Top officials in the Trump administration struggled on Tuesday morning to justify their response to the growing threat of the coronavirus, which has sickened at least 80,423 people around the world and killed at least 2,712. Although there have been no recorded fatalities in the United States yet, skeptical members of the U.S. Senate made clear to administration officials that they did not have confidence in their response. At one point during their back-and-forth, which promptly went viral on social media, Kennedy insisted that Wolf tell him the number of coronavirus cases that the United States could expect.
The Supreme Court ruled Tuesday that the parents of a 15-year-old boy cannot sue the federal agent who fatally shot him by firing across the border separating the United States and Mexico — a case that inflamed tensions over border security. The ruling was a defeat for the parents of Sergio Hernández Güereca, who was on the Mexico side when he was killed in 2010 by a Border Patrol agent who fired from the U.S. side of the boundary separating El Paso, Texas, from Juarez, Mexico. The teen, a Mexican national, was playing with three friends in the concrete culvert that separates the two cities.
Associated Press Criticism of Iran's handling of the crisis has been extremely strong, with some accusing the government of a cover-up. US Secretary of State Mike Pompeo on Tuesday said he was "deeply concerned" that Iran "may have suppressed vital details about the outbreak." "All nations, including Iran, should tell the truth about the coronavirus and cooperate with international aid organizations," Pompeo said.
The U.S. Supreme Court on Wednesday formally dismissed a case in which Lee Boyd Malvo, who was 17 when he took part in the deadly 2002 "D.C. Sniper" shooting spree in the Washington area, was challenging his life without parole sentence.
Bail will remain at $5 million for a mother arrested in Hawaii over the disappearance of her two Idaho children, a judge ruled Wednesday. Lori Vallow wore an orange jumpsuit in court on the Hawaiian island of Kauai for a hearing on her request to reduce bail. After the judge denied the request, her defense attorney, Craig De Costa, said she is waiving an extradition hearing, which had been scheduled for March 2.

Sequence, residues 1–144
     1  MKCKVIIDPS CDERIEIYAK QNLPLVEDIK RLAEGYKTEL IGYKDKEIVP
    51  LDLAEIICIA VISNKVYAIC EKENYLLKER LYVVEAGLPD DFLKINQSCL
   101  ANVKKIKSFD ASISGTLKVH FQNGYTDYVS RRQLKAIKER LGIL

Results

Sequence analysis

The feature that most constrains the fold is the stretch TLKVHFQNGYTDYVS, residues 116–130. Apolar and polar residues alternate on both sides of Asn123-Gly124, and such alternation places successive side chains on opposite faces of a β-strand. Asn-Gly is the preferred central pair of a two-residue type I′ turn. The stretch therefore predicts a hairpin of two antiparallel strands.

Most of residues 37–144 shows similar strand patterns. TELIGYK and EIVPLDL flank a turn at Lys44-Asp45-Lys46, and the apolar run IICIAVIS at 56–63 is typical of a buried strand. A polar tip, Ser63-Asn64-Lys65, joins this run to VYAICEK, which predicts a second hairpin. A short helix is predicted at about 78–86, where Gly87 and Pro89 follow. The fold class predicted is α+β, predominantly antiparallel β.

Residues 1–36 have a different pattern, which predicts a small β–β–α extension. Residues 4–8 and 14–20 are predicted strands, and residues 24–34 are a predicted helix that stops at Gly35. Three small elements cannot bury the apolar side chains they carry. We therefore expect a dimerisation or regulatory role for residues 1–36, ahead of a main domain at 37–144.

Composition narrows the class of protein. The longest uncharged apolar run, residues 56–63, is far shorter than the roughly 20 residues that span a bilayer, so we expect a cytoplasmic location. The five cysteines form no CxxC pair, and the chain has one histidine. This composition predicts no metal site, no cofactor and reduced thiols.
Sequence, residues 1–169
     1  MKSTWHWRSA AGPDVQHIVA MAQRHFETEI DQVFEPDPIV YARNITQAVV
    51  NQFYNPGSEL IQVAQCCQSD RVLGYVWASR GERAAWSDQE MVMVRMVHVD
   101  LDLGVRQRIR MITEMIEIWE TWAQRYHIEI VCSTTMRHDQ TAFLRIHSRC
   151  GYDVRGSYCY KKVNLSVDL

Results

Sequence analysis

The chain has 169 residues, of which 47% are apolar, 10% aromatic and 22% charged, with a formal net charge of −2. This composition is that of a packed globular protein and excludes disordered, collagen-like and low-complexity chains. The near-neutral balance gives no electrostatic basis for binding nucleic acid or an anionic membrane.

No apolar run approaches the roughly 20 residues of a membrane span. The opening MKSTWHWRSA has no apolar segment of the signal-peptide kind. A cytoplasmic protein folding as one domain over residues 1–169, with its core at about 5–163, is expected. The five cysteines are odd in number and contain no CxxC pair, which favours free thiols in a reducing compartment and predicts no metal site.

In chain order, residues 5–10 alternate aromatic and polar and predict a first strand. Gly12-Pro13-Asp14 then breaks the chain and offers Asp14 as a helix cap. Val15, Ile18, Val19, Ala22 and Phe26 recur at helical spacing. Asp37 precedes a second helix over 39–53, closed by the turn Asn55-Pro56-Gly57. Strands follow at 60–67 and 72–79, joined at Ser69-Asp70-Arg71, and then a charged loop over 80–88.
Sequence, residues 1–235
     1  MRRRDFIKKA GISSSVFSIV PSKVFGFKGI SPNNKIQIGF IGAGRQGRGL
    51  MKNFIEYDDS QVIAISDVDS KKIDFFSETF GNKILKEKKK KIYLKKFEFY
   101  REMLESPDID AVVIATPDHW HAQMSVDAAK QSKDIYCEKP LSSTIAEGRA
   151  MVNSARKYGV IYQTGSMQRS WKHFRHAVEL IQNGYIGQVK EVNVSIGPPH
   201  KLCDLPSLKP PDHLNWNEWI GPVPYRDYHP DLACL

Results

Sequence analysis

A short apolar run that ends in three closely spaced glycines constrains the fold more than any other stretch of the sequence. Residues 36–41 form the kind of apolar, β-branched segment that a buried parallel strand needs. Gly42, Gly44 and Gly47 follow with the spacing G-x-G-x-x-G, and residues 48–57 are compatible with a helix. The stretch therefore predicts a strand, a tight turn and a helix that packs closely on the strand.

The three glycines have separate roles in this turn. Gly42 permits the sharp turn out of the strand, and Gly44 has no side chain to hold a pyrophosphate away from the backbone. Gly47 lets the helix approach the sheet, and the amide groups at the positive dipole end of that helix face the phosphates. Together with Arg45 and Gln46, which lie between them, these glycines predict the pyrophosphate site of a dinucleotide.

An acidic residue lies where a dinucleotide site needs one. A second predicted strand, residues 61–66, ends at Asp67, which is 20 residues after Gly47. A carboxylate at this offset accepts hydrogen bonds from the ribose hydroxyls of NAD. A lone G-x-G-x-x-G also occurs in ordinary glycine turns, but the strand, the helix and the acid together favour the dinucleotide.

A Kansas man who spent over two decades in prison for a double murder he didn't commit will be awarded $1.5 million for his wrongful conviction, according to the Kansas State Attorney General's office. Lamonte McIntyre was convicted and sentenced to two terms of life in prison for the murders of Donald Ewing and Doniel Quinn back in 1994. According to the Associated Press, documents made public during the 8-year fight to free McIntyre allege that the prosecutor in the case intimidated witnesses who told her that McIntyre did not look like the shooter after they saw him in person.
Three of the jurors who convicted Republican operative Roger Stone for lying to Congress and witness tampering testified that political bias played no role in their decision, pushing back against Stone's contention that he deserves a new trial. U.S. District Judge Amy Berman Jackson did not issue a ruling at the end of a Tuesday hearing on Stone's request. But the judge said a juror's social media posts criticizing President Donald Trump did not necessarily mean she was biased against Stone, who was convicted in November and sentenced last week to three years and four months in prison.
Washington, D.C.) The Army Research Laboratory is now engineering new rocket, missile and artillery rounds able to destroy groups of mobile enemy fighters, incinerate armored vehicles and eliminate structures with a single munition -- at all much longer ranges than currently deployed weapons can fire. The ARL is currently immersed in cutting edge research, using 3D printing, to develop new metal alloys, weapons casings and design geometries to increase range and lethality for the Army's emerging Long Range Precision Fires program; “Additive manufacturing (3D printing) can take weight out of certain components, create complex geometries inside things and create complex fragmentation patterns,...
Rep. Alexandria Ocasio-Cortez (D-N.Y.) watched Tuesday night's Democratic debate, and one thing stood out to her. "Not a single climate change question," she tweeted. "Horrifying." One of the participants, Sen. Bernie Sanders (I-Vt.), agreed, responding, "A disgrace." The Democratic candidates don't shy away from talking about climate change on the campaign trail; billionaire investor and environmentalist Tom Steyer told voters in South Carolina on Tuesday that climate change is his "No. 1 priority," and if elected, he will declare a climate emergency on his first day in office. Poll after poll has shown that climate change is a key issue for voters; last week, the Pew Research Center released a survey showing that for the first time in two decades, a majority of Americans believe that tackling climate change should be a main priority for the president and Congress.